Architecture Patterns with Python: Enabling Test-Driven Development, Domain-Driven Design, and Event-Driven Microservices

Percival, Harry, Gregory, Bob





As Python continues to grow in popularity, projects are becoming larger and more complex. Many Python developers are now taking an interest in high-level software architecture patterns such as hexagonal/clean architecture, event-driven architecture, and strategic patterns prescribed by domain-driven design (DDD). But translating those patterns into Python isn't always straightforward.

With this practical guide, Harry Percival and Bob Gregory from introduce proven architectural design patterns to help Python developers manage application complexity. Each pattern is illustrated with concrete examples in idiomatic Python that explain how to avoid some of the unnecessary verbosity of Java and C# syntax. You'll learn how to implement each of these patterns in a Pythonic way.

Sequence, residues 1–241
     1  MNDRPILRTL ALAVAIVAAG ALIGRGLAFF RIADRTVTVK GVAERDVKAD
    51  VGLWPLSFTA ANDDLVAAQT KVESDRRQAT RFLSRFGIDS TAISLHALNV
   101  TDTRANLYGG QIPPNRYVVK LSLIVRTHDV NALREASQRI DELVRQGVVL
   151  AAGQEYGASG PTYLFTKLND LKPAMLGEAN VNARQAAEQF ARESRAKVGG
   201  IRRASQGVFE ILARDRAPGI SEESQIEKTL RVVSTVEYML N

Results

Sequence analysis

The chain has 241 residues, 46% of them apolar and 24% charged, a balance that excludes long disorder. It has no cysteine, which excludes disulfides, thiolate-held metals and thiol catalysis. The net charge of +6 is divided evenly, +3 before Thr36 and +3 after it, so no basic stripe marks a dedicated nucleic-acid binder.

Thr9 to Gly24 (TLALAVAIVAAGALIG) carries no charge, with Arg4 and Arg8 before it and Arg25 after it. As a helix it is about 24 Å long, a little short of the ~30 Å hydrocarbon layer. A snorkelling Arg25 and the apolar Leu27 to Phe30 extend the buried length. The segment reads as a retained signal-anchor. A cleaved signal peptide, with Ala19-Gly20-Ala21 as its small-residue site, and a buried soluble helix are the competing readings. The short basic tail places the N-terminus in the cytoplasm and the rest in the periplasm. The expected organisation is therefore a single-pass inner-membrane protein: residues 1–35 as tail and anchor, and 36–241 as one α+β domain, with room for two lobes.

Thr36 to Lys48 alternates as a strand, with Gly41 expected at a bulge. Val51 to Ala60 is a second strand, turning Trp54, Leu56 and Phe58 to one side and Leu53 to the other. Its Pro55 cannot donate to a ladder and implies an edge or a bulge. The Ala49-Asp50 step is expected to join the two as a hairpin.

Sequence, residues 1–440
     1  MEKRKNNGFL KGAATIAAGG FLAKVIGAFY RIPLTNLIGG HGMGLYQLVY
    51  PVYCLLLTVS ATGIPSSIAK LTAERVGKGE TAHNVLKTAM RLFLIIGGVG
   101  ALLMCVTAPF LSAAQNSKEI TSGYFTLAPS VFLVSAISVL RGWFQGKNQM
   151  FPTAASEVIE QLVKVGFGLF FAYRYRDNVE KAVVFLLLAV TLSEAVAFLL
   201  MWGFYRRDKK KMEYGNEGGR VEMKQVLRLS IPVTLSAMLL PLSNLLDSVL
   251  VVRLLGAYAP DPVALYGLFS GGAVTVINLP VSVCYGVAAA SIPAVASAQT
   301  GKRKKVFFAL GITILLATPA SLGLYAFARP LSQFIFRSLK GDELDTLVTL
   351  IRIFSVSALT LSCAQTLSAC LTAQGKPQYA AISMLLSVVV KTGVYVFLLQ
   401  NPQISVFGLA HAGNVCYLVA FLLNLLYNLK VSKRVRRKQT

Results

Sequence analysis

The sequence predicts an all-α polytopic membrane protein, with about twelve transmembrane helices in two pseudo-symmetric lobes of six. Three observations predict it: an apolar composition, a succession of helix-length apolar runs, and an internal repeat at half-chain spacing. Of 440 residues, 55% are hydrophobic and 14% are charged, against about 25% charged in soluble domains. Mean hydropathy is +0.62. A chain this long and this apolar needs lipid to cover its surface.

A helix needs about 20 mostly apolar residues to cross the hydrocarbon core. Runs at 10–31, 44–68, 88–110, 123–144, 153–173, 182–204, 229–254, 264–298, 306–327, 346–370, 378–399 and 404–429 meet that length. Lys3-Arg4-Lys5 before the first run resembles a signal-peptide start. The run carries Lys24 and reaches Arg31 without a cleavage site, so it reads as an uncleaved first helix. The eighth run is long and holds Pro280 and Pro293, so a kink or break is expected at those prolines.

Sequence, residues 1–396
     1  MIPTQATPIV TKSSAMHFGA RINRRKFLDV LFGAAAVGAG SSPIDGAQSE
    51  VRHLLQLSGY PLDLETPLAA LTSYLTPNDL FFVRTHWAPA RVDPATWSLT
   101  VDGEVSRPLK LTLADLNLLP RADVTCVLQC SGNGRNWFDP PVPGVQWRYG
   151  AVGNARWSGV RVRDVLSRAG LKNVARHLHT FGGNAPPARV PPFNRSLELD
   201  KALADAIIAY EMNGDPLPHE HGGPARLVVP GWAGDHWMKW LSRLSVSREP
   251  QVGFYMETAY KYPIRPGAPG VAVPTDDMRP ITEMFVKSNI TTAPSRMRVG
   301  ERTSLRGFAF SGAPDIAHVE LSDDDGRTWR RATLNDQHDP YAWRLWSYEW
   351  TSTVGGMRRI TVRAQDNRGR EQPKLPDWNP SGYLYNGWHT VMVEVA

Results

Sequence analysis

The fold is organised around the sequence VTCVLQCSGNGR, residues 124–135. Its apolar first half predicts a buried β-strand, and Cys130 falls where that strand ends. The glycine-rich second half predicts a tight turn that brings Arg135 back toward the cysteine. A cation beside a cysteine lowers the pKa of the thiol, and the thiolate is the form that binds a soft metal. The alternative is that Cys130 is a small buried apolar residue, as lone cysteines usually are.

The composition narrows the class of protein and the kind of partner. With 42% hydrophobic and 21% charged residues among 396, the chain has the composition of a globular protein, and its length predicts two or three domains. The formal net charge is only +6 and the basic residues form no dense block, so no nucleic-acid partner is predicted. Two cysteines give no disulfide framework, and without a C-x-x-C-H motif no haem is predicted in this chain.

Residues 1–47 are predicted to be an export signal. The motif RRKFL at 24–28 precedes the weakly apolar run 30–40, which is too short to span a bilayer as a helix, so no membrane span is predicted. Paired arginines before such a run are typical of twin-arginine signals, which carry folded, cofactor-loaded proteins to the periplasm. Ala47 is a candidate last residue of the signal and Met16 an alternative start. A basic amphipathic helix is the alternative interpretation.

Architectural design patterns include:

  • Dependency inversion, and its links to ports and adapters (hexagonal/clean architecture)
  • Domain-driven design's distinction between entities, value objects, and aggregates
  • Repository and Unit of Work patterns for persistent storage
  • Events, commands, and the message bus
  • Command Query Responsibility Segregation (CQRS)
  • Event-driven architecture and reactive microservices


After an idyllic childhood spent playing with BASIC on French 8-bit computers like the Thomson T-07 whose keys go "boop" when you press them, Harry Percival spent a few years being deeply unhappy as a management consultant. Soon he rediscovered his true geek nature, and was lucky enough to fall in with a bunch of XP fanatics, working on the pioneering but sadly defunct Resolver One spreadsheet. He worked at PythonAnywhere LLP, spreading the gospel of TDD world-wide at talks, workshops and conferences. He is now with MADE.COM.

Bob Gregory is a UK-based software architect with MADE.COM. He has been building event driven systems with domain-driven design for more than a decade.